While Marvel and DC have always dominated the market for superhero comics, the American market for non-superhero comics used to belong to a company known as Entertainment Comics, EC for short. Unlike Marvel and DC, EC made their money selling brutal war comics, gritty crime comics and unexpectedly graphic horror comics. Less populist and arguably more old-fashioned than the high-octane dementia of Marvel and DC, EC built its reputation on eye-catching artwork and a willingness to tackle more grown-up themes at a time when American comics were being criticised for encouraging juvenile delinquency. Written by Stephen King, directed by George A. Romero and inspired by such titles as Tales from the Crypt and The Vault of Horror, Creepshow is a loving (if not entirely competent) tribute to the a pop cultural heritage that is now disappearing from living memory.
Creepshow opens with a father beating his son for daring to bring horror comics into the house. Distressed, the boy flees to his bedroom where an encounter with a crudely animated skeleton begins a series of five self-contained horror shorts. The best of the bunch finds Hal Holbrook using an enormous carnivorous ape to murder his drunken wife Adrienne Barbeau only for the ape to promptly escape its crate as part of an elegantly Freudian warning about keeping your passions locked up for too long. Also pretty fine is the closing story in which E.G. Marshall’s reclusive billionaire struggles with a cockroach infestation that may or may not be real. Less effective but undoubtedly amusing is the story starring Stephen King as a dungaree-clad redneck who is slowly turning into an alien tree. Similarly middling is the film’s opening story in which an abusive father returns from the grave to demand his traditional father’s day cake. More silly than frightening or funny, this story dips briefly into the deep emotional waters of adult abuse survivors and toxic family atmospheres but squanders this dramatic potential in favour of a nonsensical sight gag. The weakest story of the five has Leslie Nielsen burying Ted Danson up to his neck in sand whilst knocking back drinks and laughing at his misfortune. Unfortunately, rather than ending the episode with an ironic Tales of the Unexpected-style flourish, King and Romero content themselves with having a pair of rubbish-looking zombies turn up.
Though pleasant enough and never actually boring, Creepshow struggles to live up to the EC legacy of great visuals and provocative themes. Cheaply made and astonishingly ugly, the film looks more like an episode of Murder: She Wrote than a proper horror film as Romero uses so much lighting and so little guile that none of the five stories feels particularly atmospheric, let alone frightening. This failure of the film to deliver as a work of horror means that a lot of pressure is then placed on King’s scripts, which are neither clever enough nor funny enough to pull off the complex tonal balancing act required for good horror/comedy.
Films like Peter Jackson’s Bad Taste, Sam Raimi’s Evil Dead and Jaume Collet-Serra’s Orphan work by tapping into the absurd masochism of going to the cinema in an effort to intentionally scare oneself silly. Sitting in the dark with our pulses racing, we know how ridiculous we are and so our first reaction to on-screen horror is frequently to laugh; We laugh at ourselves, we laugh at the film, we laugh at the situation, and we laugh to release the tension that the filmmakers have forced us to experience. Good horror/comedy is not just aware of the psychological processes at work in horror cinema, it uses these processes to milk bigger laughs and bigger scares out of an audience already inclined to jump-scares and nervous laughter. By failing to deliver technically competent horror, Romero gives us no excuse to laugh at King’s weak jokes. By failing to be all that funny, King’s scripts rob Romero’s gruesome moments of their capacity to shock. Rather than a rollercoaster ride, Creepshow offers a sedate and comfortable stroll through decidedly unchallenging and dated material.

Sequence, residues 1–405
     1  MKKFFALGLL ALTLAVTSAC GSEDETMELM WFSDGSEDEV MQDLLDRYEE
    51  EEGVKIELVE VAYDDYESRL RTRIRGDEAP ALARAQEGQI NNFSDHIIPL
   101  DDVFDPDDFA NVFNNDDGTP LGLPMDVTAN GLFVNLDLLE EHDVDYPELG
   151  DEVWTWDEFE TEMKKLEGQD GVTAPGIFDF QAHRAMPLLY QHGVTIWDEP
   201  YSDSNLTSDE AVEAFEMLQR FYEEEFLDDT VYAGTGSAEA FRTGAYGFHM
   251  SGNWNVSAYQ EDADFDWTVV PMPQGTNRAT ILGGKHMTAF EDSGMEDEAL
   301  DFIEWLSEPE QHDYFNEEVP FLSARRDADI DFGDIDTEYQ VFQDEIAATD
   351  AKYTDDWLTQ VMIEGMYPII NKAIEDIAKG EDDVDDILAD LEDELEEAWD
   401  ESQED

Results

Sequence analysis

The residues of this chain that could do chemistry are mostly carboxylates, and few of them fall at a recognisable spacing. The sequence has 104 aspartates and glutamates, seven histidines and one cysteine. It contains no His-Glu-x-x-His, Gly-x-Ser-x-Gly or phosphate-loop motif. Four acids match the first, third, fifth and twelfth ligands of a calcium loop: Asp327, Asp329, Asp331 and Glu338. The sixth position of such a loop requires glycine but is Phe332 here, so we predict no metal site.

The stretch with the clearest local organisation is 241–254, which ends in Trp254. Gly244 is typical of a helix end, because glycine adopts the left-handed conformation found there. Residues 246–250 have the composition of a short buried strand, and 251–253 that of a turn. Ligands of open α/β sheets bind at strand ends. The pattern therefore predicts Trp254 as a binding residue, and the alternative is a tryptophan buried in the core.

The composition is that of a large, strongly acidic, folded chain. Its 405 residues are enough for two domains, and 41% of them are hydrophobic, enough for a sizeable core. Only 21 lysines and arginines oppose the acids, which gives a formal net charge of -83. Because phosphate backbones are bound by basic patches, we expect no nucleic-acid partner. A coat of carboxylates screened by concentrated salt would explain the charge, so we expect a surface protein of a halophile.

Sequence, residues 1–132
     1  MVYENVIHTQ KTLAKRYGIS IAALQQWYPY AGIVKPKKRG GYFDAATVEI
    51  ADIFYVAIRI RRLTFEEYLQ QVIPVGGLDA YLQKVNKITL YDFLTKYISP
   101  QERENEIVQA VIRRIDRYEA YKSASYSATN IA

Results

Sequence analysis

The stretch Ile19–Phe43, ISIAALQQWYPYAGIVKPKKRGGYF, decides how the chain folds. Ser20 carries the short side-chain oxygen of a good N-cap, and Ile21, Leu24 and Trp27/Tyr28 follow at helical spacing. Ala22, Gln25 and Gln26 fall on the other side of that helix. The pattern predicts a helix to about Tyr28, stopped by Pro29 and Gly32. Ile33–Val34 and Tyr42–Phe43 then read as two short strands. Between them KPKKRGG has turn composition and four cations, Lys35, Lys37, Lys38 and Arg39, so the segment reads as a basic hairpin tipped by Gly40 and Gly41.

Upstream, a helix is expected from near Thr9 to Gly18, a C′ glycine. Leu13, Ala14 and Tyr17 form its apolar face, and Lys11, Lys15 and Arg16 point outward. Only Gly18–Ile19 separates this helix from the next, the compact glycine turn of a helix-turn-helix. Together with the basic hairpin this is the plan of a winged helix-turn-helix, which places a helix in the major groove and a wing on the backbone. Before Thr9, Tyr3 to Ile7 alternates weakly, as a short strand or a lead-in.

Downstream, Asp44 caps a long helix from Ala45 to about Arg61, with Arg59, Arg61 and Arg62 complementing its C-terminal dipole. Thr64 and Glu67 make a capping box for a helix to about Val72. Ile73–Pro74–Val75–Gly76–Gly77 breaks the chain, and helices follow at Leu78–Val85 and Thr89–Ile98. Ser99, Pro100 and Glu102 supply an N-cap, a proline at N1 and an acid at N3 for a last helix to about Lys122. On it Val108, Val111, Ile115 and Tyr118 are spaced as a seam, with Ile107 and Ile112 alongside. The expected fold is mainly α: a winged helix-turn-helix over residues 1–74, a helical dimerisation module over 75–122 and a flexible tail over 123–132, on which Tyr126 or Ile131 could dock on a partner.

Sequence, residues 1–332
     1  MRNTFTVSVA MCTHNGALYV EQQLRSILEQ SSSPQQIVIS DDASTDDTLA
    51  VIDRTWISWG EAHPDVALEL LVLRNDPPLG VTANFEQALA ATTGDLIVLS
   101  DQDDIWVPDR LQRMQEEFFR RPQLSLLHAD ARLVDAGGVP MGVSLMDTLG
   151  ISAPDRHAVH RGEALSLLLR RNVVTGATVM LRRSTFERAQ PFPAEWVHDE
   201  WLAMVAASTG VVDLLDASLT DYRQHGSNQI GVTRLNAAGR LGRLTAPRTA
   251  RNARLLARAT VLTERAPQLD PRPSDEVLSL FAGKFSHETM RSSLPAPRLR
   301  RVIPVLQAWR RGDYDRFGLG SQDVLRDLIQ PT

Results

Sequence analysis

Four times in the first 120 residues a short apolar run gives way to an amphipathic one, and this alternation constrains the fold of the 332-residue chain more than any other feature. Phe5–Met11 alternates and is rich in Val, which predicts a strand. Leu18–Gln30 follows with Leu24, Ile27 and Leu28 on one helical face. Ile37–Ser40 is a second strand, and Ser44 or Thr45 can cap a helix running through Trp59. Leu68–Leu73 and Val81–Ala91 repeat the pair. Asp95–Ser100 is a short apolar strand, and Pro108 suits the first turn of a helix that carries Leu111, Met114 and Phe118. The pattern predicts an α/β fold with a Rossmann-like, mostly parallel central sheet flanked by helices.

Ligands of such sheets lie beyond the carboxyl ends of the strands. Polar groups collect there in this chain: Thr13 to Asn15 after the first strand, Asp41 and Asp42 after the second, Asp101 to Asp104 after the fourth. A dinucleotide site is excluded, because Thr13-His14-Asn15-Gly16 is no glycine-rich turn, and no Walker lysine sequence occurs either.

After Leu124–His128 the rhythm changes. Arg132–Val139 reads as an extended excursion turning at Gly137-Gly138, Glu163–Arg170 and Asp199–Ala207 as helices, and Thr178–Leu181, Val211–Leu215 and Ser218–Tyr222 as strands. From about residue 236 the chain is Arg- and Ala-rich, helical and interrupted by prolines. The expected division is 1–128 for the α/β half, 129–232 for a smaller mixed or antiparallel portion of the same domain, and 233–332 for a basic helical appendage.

Positively dripping with commentary tracks and insightful featurettes, this lavishly produced Blu-ray feels entirely in keeping with the film’s lofty reputation. Unfortunately, the more talking heads refer to the legacy of EC, the more evident Creepshow’s real problem becomes. Indeed, Creepshow was made in 1981 by a group of people nostalgic for the comics of their youth and, given the film’s many tonal and technical problems, it seems entirely reasonable to assume that much of the film’s original reputation was built from a shared fondness for the film’s source material. The problem is that it is now sixty years since the heyday of EC and while EC’s legacy continues to live on, it does so in the work of people like King and Romero who recycled, refined and popularised a particular set of ideas and techniques. What this means is that contemporary audiences will not only approach Creepshow without the sense of nostalgia shared by King, Romero and critics of the day, they will also approach the film having been raised on a far more effective and nimble blend of comedy and horror that makes the source material seems clumsy and childish.
Nostalgia only ever functions within the confines of a single generation and expecting contemporary audiences to feel nostalgic for comics produced in the 1950s is a fool’s errand. Creepshow may well have struck a nerve with audiences when it first appeared but uneven writing and questionable direction mean that this film is now of little more than historical interest.